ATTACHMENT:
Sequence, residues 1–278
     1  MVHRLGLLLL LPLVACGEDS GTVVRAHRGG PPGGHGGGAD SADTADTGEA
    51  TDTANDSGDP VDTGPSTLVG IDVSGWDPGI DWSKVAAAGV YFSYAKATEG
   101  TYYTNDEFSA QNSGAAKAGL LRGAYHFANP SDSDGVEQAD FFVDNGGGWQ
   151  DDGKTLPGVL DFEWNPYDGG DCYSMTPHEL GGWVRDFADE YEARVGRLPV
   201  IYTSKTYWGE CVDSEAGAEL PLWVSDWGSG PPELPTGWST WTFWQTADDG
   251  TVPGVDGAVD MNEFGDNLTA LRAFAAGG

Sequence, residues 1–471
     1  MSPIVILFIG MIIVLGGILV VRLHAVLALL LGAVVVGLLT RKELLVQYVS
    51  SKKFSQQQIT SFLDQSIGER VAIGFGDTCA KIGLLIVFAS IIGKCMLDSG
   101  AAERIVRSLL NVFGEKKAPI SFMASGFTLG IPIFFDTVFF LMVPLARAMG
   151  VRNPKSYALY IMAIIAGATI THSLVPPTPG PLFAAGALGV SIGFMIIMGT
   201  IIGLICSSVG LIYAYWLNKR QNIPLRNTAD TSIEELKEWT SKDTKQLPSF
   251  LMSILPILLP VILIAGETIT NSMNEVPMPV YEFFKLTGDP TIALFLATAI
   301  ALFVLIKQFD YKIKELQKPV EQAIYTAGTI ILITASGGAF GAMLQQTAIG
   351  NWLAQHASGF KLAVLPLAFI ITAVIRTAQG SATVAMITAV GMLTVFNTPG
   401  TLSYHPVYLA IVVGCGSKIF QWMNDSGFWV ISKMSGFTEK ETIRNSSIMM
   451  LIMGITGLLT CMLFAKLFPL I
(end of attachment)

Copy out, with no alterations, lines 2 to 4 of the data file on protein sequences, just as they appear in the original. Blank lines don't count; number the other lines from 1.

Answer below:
     1  MVHRLGLLLL LPLVACGEDS GTVVRAHRGG PPGGHGGGAD SADTADTGEA
    51  TDTANDSGDP VDTGPSTLVG IDVSGWDPGI DWSKVAAAGV YFSYAKATEG
   101  TYYTNDEFSA QNSGAAKAGL LRGAYHFANP SDSDGVEQAD FFVDNGGGWQ